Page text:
Donald Trump’s pardon strategy just went out the window

Forty-five years ago today, on October 17, 1974, President Gerald Ford had some explaining to do to the House Judiciary Committee as to why he controversially gave Richard Nixon a full pardon “for all offenses against the United States.” It is hard to imagine the next President doing that if he or she is a Democrat. In fact, Joe Biden just made clear in an interview with Radio Iowa on Sunday that, if elected President, he would not pardon Trump.

But what if Trump gets impeached and removed, or chooses to resign, and then Mike Pence becomes President and pardons him? Also, of more immediate concern, what if Trump starts issuing pardons to the likes of Rudy Giuliani and others who think they will merit a pardon for choosing cretin over country?

When this topic comes up, the media quickly points out, and accurately so, that the President of the United States can only pardon individuals for federal but not state crimes. But that fact alone does not guarantee that Trump or any of his henchmen would not have to stand trial for crimes that a state such as New York would likely bring in the future. This is because the defendants could argue that being tried on the state level for the same crimes amounts to double jeopardy and so the complaints against them should be dismissed.


However, thanks to recent legislative action by New York lawmakers, defendants can still argue that—but they will lose bigly. In May, the New York State Assembly passed a bill, 90-52, that closes a dangerous loophole in the double jeopardy law. The legislation carves out an exception for pardoned individuals who served in a President’s administration, worked directly or indirectly to advance a campaign or transition, or worked at a non-profit or business controlled by the President and whose alleged criminal activity took place in New York State. The exception also covers individuals whom a President has pardoned for his or her own benefit.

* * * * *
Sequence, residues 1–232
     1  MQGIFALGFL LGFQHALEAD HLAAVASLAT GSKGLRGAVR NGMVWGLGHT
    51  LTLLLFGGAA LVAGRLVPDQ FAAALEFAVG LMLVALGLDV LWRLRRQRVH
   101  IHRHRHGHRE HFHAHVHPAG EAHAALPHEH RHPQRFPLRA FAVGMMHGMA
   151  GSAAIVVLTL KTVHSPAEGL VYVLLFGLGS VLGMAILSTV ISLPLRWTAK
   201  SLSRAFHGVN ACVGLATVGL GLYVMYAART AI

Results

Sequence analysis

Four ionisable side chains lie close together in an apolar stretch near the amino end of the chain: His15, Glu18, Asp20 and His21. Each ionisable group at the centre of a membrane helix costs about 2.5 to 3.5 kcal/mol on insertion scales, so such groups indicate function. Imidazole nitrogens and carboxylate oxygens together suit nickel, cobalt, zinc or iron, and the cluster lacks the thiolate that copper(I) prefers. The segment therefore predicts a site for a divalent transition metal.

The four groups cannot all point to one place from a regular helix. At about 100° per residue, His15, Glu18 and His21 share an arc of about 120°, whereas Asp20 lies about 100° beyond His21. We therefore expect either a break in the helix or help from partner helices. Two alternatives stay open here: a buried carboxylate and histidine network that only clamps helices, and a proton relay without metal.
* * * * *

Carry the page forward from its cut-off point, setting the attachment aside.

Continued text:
Yesterday, Governor Andrew Cuomo signed the bill into law, taking effect immediately. The state’s Attorney General Letitia James put it perfectly following the bill’s passage in May, tweeting: “Double jeopardy exists to prevent someone from being charged twice for the same crime, not to allow them to evade justice altogether.” Cuomo echoed her words yesterday, adding: “No one is above the law and New York will not turn a blind eye to criminality, no matter who seeks to protect them.”

This development arrives not a day too soon, just as some Trump sycophants have vital decisions to make. If they have been leaning toward rolling the dice and protecting their treasonous boss, they may want to think again. No matter what happens, there will be a special place in hell for Donald Trump. But New York has cleared a path so that Trump’s goons and even Trump himself may still be assured their own special place in the state’s penitentiaries.

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